We got a rough one tonight, folks. But for a movie from Ryusuke Hamaguchi — he of Drive My Car fame — we should expect nothing less.

Evil Does Not Exist lays its scene in the tranquil forest village of Mizubiki, the kind of place where salt-of-the-earth rural folk make an honest living off the land. Inevitably, capitalist idiots come around with a plot to build a “glamping” (read: “glamorous camping”) site where other wealthy entitled idiots can stage corporate retreats and bring tourism cash to the region. I might add that the responsible capitalists have already committed to this project by purchasing the land, they want to get a head start on this while “glamping” is still a hot new trend, and there’s a rush to get government post-COVID subsidies before the deadline.

Surprising no one, this plan to get rich quick has a number of glaringly obvious problems. To start with, the planned septic tank has a lower capacity than the facility at large, which means that sewage runoff will inevitably contaminate the village’s water downstream. There’s also significant concern that the tourists might cause wildfires, especially if there won’t be enough staff to enforce the fire policies. Oh, and the site is sitting directly on top of a deer trail, there’s that to consider.

Basically put, this project is all about cutting corners and doing the bare minimum, cutting every possible cost in the interest of maximizing profits. Sure, it’ll bring in tourism dollars and government subsidies in the short term, but how much longer will people keep coming to the site after all the water’s polluted and the trees have all burned down? Though again, I can’t possibly stress enough that the company president (I’m so sorry I can’t confirm the character’s name or actor) does not give a fuck about anything other than cutting costs and making money. This whole process of informing the locals is only a charade and it’s only for the purpose of dealing with red tape.

To the film’s credit, they do a remarkable job exploring all the angles here. Yes, the filmmakers do everything possible to portray the “glamping” capitalists as greedy and reckless out-of-touch douchebags, but it’s also made clear that these characters are only as corrupt as the system they’re a part of. As implied by the title, none of these characters are evil, though quite a few are short-sighted and stupid.

There are a number of voices speaking up for the villagers, but our main protagonist would probably be Takumi (Hitoshi Omika). He’s a local woodcutter/forager/handyman who helps pretty much everyone around the village. Takumi is the kind of guy who keeps his own counsel and does his best to stay objective. Up until he finally takes action in the climax, which is appropriately shocking.

In between the villagers and the vultures are Takahashi and Mayazumi, respectively played by Ryuji Kosaka and Ayaka Shibutani. These two are talent agents. They know nothing about “glamping”, they know nothing about ecology or economics, they know nothing about the village, they have no authority or expertise with regards to this construction project, they have no business whatsoever being here. But they’re attractive and charismatic, so they’re hired to be the corporate mouthpieces sent out to talk with the villagers and do the bare minimum to make it look like the locals’ complaints are being taken seriously. Sure, it’d be great if the mouthpieces somehow managed to get the villagers on board, but they really only need to do enough that the PTB can tell the government “Hey, we tried. Now give us the pandemic subsidies.”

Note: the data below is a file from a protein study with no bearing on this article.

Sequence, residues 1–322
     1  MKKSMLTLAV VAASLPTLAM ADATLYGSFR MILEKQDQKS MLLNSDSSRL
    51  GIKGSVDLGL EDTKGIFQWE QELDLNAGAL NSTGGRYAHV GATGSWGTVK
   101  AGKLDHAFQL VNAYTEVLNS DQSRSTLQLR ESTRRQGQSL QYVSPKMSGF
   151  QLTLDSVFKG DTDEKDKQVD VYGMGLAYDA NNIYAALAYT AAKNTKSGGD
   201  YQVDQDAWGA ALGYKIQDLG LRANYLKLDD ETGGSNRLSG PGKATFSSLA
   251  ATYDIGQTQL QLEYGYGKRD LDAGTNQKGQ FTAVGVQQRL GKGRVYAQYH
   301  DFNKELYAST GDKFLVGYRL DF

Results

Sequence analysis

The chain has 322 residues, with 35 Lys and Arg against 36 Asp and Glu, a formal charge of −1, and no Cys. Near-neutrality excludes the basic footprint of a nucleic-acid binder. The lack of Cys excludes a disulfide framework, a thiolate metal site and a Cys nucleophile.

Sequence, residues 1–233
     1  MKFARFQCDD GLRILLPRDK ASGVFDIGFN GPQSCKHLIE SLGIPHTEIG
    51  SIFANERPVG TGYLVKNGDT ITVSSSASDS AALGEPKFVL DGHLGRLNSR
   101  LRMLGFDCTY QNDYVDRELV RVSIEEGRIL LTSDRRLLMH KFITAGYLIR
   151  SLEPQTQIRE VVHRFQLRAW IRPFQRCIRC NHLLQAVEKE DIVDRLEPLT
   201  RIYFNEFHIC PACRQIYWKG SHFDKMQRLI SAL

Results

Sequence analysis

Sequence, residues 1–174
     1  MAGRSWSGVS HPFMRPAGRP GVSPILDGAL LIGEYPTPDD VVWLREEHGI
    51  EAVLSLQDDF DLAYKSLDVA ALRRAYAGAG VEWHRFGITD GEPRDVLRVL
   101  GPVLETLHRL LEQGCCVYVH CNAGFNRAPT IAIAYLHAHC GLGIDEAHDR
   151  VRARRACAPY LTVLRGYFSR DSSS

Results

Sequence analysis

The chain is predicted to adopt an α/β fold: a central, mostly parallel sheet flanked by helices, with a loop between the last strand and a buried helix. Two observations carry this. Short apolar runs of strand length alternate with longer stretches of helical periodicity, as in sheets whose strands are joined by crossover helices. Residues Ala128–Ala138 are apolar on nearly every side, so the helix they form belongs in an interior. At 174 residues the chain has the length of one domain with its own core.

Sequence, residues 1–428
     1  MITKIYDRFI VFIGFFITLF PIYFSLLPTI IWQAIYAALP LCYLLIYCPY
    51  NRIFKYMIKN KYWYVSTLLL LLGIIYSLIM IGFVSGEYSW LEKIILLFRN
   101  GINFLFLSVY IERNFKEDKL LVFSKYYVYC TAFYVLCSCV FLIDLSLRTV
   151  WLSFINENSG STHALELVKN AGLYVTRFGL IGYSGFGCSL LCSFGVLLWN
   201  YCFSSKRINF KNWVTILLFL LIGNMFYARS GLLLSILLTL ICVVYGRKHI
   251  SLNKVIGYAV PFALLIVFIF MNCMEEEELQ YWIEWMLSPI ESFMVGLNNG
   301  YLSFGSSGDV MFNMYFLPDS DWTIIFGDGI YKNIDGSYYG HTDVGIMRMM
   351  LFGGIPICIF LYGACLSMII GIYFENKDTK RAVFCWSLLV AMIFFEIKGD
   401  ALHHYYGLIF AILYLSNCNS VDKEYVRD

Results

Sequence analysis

To their credit, Takahashi and Mayazumi have enough of a guilty conscience (browbeaten into them by the villagers, I might add) that they go to Takumi in search of a viable compromise. It doesn’t end well. I’m honestly not sure exactly how it ends, but I know for damn sure it doesn’t end well.

At this point, I have to make it emphatically clear that this film is glacially paced. There’s maybe ten minutes of plot in this 100-minute movie and the runtime feels like ten hours. But on the other hand, so much of this movie is about contrasting nature with urban living. As such, the languid pace of all the overlong nature shots — in contrast with the high-speed pace of urban living — might be considered a crucial thematic point.

But then we have the ending. The “wow” finish that comes right the hell out of nowhere and refuses to explicitly resolve anything. Yes, I’m afraid this is one of those endings that leaves most of the heavy lifting to the audience.

Then again, this is a movie that sets out to take a measured and balanced examination of environmentalism. Yes, it’s unambiguously clear as to what should happen, but it’s anyone’s guess as to how or whether it actually will. And I don’t know that it would’ve made for as powerful or provocative a film if those answers had been made clear.

Evil Does Not Exist is tricky to judge. Yes, the pacing is torturously slow, and the ambiguity of that ending is deeply frustrating. On the other hand, I don’t know that the movie would’ve been as interesting or as thought-provoking if those hadn’t been factors. Even so, the film makes its point aggressively clear and with comprehensive detail. And of course the breathtaking photography goes a long way.

This is such a demanding movie that I have a difficult time recommending it for anyone but the most dedicated arthouse cinephiles. But if you’re up for a challenge and you’re not afraid of more highbrow fare, give it a shot.

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